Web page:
Environment & Science

How feasible is Gov. Brown's new carbon cutting goal?

Jerry Brown speaks at the inaugural for his fourth and final term on Monday, Jan. 5, 2015.
Jerry Brown speaks at the inaugural for his fourth and final term on Monday, Jan. 5, 2015.
File photo by Andrew Nixon/ Capital Public Radio

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Gov. Jerry Brown issued an executive order today asking that by 2030, California emit 40 percent less heat-trapping pollution, like carbon and methane, than it did in 1990.

That's ambitious for sure, but not impossible given current technology, said Cara Horowitz with UCLA's Emmett Institute on Climate Change and the Environment.

"Although we do need to ramp up significantly our use of existing technology," she said.

Specifically, she says the state needs to focus on making older buildings more energy efficient and increasing the use of renewable energy like wind and solar power.

A recent study by the research group Energy and Environmental Economics reached a similar conclusion, determining that such a goal would be possible without requiring major changes to lifestyle or economic growth.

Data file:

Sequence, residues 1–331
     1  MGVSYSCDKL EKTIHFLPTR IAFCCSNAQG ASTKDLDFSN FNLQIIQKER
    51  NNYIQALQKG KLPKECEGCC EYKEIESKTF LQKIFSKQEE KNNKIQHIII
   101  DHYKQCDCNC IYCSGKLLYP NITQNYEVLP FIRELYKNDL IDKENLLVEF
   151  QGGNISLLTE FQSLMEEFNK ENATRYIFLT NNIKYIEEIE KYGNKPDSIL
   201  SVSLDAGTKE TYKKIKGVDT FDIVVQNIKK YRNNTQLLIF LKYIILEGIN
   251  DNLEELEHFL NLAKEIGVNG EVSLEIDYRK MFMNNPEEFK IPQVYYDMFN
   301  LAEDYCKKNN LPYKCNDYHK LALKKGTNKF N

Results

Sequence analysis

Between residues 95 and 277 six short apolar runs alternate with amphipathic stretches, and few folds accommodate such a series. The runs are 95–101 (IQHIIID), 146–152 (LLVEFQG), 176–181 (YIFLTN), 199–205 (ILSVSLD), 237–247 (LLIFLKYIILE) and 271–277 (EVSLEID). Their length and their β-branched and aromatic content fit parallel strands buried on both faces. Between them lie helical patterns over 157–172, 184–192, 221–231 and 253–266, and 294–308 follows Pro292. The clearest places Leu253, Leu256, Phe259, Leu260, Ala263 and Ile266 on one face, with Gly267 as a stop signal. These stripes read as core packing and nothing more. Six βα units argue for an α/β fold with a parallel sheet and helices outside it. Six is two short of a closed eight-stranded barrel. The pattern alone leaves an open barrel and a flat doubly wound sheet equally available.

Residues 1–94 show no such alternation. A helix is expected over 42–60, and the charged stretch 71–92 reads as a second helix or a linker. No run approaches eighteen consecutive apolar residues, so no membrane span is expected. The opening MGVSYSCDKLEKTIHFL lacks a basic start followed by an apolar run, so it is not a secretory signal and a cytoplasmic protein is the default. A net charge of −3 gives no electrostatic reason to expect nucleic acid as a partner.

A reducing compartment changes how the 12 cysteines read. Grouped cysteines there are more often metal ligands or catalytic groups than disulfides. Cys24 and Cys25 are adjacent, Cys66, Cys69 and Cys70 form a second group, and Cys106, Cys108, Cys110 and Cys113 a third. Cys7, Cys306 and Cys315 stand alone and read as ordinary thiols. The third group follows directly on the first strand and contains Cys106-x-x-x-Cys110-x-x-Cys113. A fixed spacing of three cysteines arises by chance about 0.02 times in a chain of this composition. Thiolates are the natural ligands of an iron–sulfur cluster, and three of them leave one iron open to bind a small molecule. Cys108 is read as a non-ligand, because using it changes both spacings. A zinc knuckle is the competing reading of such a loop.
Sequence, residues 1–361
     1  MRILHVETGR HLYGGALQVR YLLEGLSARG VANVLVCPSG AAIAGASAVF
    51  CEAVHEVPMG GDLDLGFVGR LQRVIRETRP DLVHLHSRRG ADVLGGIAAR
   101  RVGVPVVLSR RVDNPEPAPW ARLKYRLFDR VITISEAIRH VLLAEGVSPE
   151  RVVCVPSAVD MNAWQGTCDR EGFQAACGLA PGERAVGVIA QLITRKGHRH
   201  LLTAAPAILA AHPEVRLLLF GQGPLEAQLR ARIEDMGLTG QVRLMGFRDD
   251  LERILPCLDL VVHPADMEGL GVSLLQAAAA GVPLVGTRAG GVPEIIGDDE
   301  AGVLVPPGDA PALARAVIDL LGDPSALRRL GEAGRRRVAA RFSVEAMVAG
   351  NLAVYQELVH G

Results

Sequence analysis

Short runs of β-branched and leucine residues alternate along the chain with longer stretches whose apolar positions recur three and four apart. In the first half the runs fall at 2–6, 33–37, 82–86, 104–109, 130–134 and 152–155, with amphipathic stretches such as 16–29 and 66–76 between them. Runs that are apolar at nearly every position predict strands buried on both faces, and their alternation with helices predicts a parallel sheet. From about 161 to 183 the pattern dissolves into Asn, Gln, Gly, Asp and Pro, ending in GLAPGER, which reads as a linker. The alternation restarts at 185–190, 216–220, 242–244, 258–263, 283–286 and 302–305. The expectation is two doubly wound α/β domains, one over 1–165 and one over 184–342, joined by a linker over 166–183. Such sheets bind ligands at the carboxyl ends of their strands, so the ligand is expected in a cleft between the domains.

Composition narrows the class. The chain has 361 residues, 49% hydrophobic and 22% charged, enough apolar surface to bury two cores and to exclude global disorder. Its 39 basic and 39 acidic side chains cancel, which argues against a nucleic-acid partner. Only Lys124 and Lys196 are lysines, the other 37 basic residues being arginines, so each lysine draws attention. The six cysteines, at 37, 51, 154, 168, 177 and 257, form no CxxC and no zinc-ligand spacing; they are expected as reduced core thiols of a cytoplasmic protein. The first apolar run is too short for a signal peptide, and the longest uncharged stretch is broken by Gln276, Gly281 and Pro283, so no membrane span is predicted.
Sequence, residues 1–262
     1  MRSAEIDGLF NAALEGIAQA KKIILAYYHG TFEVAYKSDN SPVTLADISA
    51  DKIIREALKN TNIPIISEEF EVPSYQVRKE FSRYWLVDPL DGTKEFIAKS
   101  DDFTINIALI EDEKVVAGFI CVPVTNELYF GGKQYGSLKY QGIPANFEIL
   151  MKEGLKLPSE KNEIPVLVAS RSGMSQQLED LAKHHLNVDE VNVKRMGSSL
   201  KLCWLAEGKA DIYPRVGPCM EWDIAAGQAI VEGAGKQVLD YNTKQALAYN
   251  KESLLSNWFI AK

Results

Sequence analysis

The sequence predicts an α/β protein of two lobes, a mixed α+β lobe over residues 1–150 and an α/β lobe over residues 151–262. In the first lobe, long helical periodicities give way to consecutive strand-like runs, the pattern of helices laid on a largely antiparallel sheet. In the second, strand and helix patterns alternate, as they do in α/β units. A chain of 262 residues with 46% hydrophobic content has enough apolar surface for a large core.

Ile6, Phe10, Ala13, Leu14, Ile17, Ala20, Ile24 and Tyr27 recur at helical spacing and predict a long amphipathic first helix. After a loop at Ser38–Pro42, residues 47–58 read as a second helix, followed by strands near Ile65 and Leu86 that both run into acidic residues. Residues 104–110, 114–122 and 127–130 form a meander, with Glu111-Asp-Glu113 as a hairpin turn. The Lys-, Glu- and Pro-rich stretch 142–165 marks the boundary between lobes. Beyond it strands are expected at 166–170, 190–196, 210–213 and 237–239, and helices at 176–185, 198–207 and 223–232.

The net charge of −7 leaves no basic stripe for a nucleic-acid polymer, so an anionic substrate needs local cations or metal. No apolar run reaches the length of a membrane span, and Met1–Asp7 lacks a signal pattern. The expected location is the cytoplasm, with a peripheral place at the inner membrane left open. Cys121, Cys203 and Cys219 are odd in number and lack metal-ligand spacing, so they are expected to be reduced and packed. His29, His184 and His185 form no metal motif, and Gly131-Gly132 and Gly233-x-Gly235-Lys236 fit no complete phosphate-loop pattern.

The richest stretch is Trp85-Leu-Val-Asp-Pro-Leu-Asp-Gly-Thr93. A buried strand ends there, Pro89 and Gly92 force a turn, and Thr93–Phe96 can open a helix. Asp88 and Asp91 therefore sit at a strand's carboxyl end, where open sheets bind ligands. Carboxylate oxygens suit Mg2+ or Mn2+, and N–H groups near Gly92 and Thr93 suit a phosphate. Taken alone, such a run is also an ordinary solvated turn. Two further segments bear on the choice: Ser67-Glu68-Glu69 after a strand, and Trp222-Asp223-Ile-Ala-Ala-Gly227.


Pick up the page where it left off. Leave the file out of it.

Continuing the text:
This executive order is the latest in a long standing plan to dramatically curb California's production of greenhouse gases.

In 2005, Gov. Arnold Schwarzenegger called for an 80 percent reduction from 1990 levels by the year 2050.

The following year, state lawmakers passed AB32 which set a goal of reducing greenhouse gas emissions to 1990 levels by 2020.

While Horowitz said the new benchmark of a 40 percent reduction by 2030 is feasible, she thinks the longer-term goal of an 80 percent reduction will require serious innovation.

"It may require technological transitions," she said. 

Specifically, she think advances need to be made in the realm of renewable energy storage. The wind and sun can't produce energy around the clock, so there needs to be ways to bank the power they create for later use.

The 2050 goal will also likely also require advances in new fuels.

That's what Harry Atwater of Caltech's Joint Center for Artificial Photosynthesis hopes to help with.

Atwater is part of a team developing a way to derive energy from sun, similar to how plants photosynthesize sunlight. The project recently received $75 million from the U.S. Department of Energy.

However, Atwater thinks it will be many years before the technology will be advanced enough to be used on a large scale.

"There is today no existing manufacturing industry that makes solar fuel generators," he said.

The governor's order may help that process though, UCLA's Horowitz said.

She said that investors are often shy about pumping money into new technologies unless they get clear signals from the market that the costs will pay off in the long run.

"The executive order plays a really important role in sending that market signal," she said.

As long as California stays committed to its carbon reduction goals, Horowitz thinks investors and the private sector will feel safe in funding carbon cutting projects.